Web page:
involved, sequence of events, clusters of cases and related association rules. A complete
profile log can then be mined to discover the processes and the rules that define flow
within the process. This can then provide a basis for behavioral analysis – previously
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discovering unknown attributes. Furthermore it can be used to accurately predict
incomplete processes.
1.3 Statement of the Problem
Unstructured processes do not follow predetermined process models. The paths followed
largely depend on the attributes of the interacting entities and the environment factors.
Event logs from such processes would provide useful information about profiles of the
entities involved. Process mining such logs produces Spaghetti-like models which are hard
to draw meaningful information.
Profiling would help in developing better understanding of the underlying process models
by.
1. Extracting meaningful process models from logs
2. Determining the rules that define the control flow
3. Determining the characteristics of the actors in the model
There are many knowledge discovery techniques that can be used to provide different
aspects of the profile. It is important that the profile discovered is complete in order to gain
insight about the entities involved and predict a course of action for incomplete processes.
In order to build a complete profile for this purpose a combination of the various
techniques available is necessary. The research proposes to provide a model that uses a
combination of techniques, by analyzing existing profiling techniques and customizing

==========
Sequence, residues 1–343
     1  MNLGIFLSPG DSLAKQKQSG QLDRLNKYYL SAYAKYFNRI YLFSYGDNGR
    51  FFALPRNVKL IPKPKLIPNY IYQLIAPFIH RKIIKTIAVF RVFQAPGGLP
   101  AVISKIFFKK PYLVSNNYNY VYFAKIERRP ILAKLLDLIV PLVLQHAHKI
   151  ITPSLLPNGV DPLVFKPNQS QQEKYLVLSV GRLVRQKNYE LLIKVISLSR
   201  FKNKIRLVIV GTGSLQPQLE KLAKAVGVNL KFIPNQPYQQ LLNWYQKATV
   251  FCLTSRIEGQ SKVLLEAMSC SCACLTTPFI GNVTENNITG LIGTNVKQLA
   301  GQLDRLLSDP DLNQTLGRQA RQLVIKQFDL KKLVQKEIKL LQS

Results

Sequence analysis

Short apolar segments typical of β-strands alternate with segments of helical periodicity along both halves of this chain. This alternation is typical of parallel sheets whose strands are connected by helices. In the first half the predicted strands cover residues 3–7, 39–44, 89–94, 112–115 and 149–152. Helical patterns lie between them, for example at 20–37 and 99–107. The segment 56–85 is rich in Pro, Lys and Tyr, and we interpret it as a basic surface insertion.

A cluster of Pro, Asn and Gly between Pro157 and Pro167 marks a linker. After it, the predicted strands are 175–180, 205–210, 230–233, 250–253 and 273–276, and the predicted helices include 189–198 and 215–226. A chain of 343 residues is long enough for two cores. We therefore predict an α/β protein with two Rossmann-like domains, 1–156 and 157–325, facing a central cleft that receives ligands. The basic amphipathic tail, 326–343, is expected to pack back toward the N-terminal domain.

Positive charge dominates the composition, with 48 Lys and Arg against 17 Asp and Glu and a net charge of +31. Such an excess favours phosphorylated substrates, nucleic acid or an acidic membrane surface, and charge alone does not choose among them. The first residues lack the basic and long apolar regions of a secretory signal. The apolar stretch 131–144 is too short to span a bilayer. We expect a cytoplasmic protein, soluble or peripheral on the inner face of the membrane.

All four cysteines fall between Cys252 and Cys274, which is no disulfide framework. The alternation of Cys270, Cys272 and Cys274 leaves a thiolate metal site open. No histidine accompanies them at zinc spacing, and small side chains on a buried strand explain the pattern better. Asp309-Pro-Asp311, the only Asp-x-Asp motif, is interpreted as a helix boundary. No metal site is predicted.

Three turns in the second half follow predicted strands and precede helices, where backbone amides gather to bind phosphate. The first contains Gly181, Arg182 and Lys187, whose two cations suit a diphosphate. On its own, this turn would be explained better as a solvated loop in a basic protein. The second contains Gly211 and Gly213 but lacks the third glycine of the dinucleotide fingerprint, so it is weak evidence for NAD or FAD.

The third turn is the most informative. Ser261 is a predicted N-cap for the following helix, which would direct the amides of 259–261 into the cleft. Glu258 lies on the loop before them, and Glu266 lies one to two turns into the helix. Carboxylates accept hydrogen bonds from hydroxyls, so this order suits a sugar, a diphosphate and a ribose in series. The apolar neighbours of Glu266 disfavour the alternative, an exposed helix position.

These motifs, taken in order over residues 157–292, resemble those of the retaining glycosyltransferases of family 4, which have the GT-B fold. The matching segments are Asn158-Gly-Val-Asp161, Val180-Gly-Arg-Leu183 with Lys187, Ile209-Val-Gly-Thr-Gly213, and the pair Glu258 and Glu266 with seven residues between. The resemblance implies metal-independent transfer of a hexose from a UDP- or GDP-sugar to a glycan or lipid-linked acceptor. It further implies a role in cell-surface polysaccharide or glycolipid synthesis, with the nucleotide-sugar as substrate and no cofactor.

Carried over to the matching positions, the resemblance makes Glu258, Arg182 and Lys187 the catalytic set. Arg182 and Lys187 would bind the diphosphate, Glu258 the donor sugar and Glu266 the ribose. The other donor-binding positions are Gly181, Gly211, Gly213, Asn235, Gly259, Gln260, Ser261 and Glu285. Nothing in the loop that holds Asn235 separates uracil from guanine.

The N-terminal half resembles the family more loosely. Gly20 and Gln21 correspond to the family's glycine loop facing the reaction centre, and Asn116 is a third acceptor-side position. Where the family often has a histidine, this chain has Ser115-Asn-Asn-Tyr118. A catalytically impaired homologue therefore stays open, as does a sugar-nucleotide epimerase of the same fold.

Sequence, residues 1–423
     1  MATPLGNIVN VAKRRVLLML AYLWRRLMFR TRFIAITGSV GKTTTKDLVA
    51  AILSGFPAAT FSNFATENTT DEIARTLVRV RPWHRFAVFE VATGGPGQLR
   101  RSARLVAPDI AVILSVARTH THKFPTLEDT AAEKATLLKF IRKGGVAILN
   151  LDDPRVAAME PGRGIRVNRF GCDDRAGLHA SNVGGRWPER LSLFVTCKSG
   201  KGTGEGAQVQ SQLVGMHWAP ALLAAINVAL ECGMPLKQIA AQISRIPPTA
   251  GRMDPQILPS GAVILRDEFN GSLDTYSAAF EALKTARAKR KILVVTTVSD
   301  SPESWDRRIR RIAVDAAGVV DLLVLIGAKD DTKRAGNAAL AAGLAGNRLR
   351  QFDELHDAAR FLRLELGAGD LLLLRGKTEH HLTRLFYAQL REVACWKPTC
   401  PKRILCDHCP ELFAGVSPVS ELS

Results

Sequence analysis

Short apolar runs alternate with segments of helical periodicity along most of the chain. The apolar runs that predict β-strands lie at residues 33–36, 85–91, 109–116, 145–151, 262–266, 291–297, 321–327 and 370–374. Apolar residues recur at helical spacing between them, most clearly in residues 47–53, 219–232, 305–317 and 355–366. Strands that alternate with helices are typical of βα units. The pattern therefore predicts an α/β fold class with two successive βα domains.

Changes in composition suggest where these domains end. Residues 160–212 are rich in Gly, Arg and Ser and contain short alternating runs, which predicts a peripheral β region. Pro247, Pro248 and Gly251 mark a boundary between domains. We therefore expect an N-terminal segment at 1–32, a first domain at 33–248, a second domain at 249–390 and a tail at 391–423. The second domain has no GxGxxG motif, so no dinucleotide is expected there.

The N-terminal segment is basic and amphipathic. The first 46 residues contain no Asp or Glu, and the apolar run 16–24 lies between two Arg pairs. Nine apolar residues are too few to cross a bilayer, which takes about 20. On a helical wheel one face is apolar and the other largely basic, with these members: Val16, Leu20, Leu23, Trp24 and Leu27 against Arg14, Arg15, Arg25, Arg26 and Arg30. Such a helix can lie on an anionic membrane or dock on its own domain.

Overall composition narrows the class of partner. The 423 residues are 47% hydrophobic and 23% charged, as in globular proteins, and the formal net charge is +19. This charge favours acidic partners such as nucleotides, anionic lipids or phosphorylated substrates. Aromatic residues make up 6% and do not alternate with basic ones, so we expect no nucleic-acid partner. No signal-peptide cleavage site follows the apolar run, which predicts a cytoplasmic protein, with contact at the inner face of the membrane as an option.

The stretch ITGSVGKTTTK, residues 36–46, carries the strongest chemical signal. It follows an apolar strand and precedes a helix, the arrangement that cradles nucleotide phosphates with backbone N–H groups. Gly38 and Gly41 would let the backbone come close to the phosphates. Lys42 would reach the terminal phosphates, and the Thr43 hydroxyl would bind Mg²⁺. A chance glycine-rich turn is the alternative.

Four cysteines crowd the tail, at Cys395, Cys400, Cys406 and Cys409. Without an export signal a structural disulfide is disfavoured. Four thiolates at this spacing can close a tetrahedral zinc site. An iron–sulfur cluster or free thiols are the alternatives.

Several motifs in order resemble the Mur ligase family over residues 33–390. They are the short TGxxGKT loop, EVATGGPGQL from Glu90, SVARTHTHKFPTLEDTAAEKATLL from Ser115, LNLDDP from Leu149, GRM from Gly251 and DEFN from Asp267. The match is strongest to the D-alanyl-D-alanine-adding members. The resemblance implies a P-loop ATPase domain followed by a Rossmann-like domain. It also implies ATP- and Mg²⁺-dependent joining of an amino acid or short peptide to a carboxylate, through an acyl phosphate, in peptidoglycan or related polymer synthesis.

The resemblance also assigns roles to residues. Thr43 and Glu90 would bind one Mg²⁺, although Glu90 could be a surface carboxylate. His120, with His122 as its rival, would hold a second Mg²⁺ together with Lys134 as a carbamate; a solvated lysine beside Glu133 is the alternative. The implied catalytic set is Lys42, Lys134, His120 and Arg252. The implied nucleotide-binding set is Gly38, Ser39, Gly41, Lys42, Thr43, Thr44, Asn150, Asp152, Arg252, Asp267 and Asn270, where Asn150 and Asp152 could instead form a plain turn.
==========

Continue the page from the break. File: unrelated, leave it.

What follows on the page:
them for unstructured event log data.
5
2 Research Questions
The main research question in this project is “How can complete and highly accurate
profiles be developed from event log data in order to discover structure of underlying
process models and the nature of the actors?”
In order to achieve new knowledge in this area, the following sub questions will be investigated.
1. What techniques that can be used to extract process related profiles based on event
log data?
2. How can these techniques be deployed to develop a complete profile for
unstructured processes?
3. How can mining these log data based on these profiles be used to develop process
models in order to discover structure out the unstructured processes?
4. What interpretation or meaning can be attributed to observed behavior in the
profiles?
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3 Research Motivation
The purpose of this research project is to develop a methodology for profiling based on
event log data and known case attributes. It seeks to develop a deeper understanding of the
subject area with a view of establishing the capabilities and limitations of the available
statistical and machine learning algorithms.
The knowledge developed from this research should give a better understanding of process
mined from unstructured event logs. Furthermore it should be possible to determine which
profile suits a case based on some characteristics, which can then be used for prediction.
These concepts could be used in real-life situations to get a better understanding of the
reasons for some observed behaviour in a system. Additionally, by predicting the possible
sequence of a new case, runtime parameters can be optimally configured thereby
increasing efficiency.
7
4 Review of Related literature
4.1 What is profiling?
Profiles based on data have been widely used in database design and development.
(www.bitpipe.com) defines data profiling as “The use of analytical techniques about data